A typical menstrual cycle lasts around 28 days, with a normal range of 21 to 35 days, with the bleeding lasting from 3-7 days. Menstruation is the period during which progesterone and estrogen levels fall and the body loses the uterine lining via the vagina. A menstrual cycle usually lasts 3–7 days when a person has a normal cycle. The menstrual cycle makes a lot of impact on the female body and when combined with health issues like PCOS and diabetes, periods become even more difficult than they already are.
Diabetes and periods together are a difficult thing to deal with. You may be unaware that hormonal changes may have an impact on other physiological processes as well. This is particularly true for women who deal with diabetes and periods and face specific obstacles and dangers throughout their reproductive and menstrual cycle.
Women who have diabetes and periods may have a larger risk of having irregular or unpredictable menstrual cycles. Different types of diabetes affect the period cycle differently. Usually, type 1 diabetes does not affect the menstrual cycle or the bleeding. Women with type 2 diabetes however may experience anovulation. Anovulation is when the ovaries do not release the egg into the fallopian tube which causes a break in the menstrual cycle.
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Having diabetes makes a huge impact on the menstrual cycle. Since diabetes causes hormonal fluctuations in the body which in turn impact the menstrual cycle and this keeps going on in a loop. Studies show that type 1 diabetes is a manageable condition as type 1 diabetes does not significantly affect the period cycles in women.
Type 2 on the other hand, comes with a lot of complications. Here’s how it affects women’s bodies :
Diabetes has a significant effect on the menstrual cycle. Diabetes produces hormonal imbalances in the body, which in turn affects the menstrual cycle, and this cycle continues indefinitely.
According to research, type 1 diabetes is a controllable illness since it has little to no effect on women's menstrual periods. Type 2 diabetes, on the other hand, has several problems. Throughout the menstrual cycle, hormonal variations may affect insulin and blood glucose levels. Following ovulation, a woman enters the luteal phase of her menstrual cycle. This stage is distinguished by a rise in progesterone levels. Increased progesterone levels may cause transitory insulin resistance, often known as luteal phase insulin resistance. According to studies, women with type 1 diabetes may have lower blood glucose levels around the start of their periods. As a consequence, their insulin usage may need to be adjusted. Blood glucose levels usually return to normal after some time. A surge in progesterone may also cause food cravings for simple carbohydrates and make exercise difficult. This may worsen poor glycemic (blood sugar) control.
person with diabetess must take precautions to monitor and regulate their blood glucose levels during the menstrual cycle. Following the doctor’s advice and regularly taking their medication is a must.
Regular exercise may help lower blood glucose levels in people with type 2 diabetes who are not taking insulin. People may need to exercise regularly before and during menstruation, as well as anytime their blood glucose levels begin to rise. People's appetites may rise before their period. They should aim to avoid processed carbs to keep blood glucose levels stable.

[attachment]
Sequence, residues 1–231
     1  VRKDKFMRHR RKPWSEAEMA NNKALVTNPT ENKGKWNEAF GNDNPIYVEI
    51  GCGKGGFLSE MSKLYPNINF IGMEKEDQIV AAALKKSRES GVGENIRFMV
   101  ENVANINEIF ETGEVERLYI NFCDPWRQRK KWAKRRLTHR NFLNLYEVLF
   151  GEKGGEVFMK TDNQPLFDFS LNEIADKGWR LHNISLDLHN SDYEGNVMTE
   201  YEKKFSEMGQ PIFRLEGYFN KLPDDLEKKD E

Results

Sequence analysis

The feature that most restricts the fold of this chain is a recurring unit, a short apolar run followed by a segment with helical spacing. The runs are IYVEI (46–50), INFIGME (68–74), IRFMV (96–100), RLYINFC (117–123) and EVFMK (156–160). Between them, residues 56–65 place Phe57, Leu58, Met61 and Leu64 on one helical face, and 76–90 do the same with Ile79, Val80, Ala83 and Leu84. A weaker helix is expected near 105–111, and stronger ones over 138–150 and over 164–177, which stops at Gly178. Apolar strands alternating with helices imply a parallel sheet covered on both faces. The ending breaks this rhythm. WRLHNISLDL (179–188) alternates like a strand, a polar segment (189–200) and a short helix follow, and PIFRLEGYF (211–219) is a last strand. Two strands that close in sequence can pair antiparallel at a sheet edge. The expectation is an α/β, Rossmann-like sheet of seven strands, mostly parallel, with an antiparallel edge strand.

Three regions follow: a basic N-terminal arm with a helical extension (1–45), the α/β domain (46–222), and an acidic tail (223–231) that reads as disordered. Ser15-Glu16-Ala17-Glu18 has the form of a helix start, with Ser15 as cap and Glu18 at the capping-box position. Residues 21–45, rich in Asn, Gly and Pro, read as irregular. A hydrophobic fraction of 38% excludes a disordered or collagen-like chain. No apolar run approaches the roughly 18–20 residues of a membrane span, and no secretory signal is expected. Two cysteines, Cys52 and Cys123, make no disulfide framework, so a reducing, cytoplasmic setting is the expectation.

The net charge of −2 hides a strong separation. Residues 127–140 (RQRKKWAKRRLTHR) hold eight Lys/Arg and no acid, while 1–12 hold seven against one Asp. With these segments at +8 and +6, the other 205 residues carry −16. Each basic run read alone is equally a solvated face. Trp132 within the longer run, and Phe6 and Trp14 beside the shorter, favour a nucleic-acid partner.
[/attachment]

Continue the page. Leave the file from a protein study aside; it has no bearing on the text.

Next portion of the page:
Using home remedies such as using a heating pad on your abdomen, getting quality sleep, eating healthy and maintaining your usual routine during your menstrual cycle are ways to help alleviate the discomfort and pain caused during periods.
Diabetes may interfere with natural menstruation, and menstruation can interfere with diabetes treatment. This is an endless loop that may make person with diabetess' lives difficult. Increases in progesterone before your menstruation might cause transient insulin resistance and a surge in your blood sugar. The same is true if you have diabetes and use hormonal contraception, which raises progesterone levels even further. Diabetes, on the other hand, might increase the risk of irregular periods and anovulation (failure to ovulate) owing to an imbalance in estrogen and progesterone levels. There is also an increased risk of delayed menarche (late commencement of menstruation) and early menopause in those with type 1 diabetes. Regardless of weight, type 2 diabetes is associated with an increased risk of endometrial cancer. Only if a person is overweight or obese does the risk rise.
Why does blood sugar rise before or during periods?
Changes in the levels of the hormones estrogen and progesterone before and during your period might cause transient insulin resistance that can linger for a few days and then subside. This is what causes the blood sugar levels to remain elevated. Since all bodies are different, menstruators see the differences from cycle to cycle or sometimes even consistently.
Can diabetes cause irregular periods?
Diabetes and periods are closely related. Having diabetes can make an impact on the menstrual cycles and cause irregular periods. Type 2 diabetes may cause anovulation in some cases which may cause the period to get delayed or skip a month entirely.
What are the signs of diabetes in a woman?
If you’re wondering ‘can periods affect blood sugar?’ then yes, it can. Here are the warning signs of diabetes in women:
How do you know if your diabetes is out of control?
You can determine if your diabetes is out of control when:
While these are not exhaustive ways of knowing that your diabetes is out of control, they are the major warning signs that occur. If you experience any of these, consult a doctor immediately.
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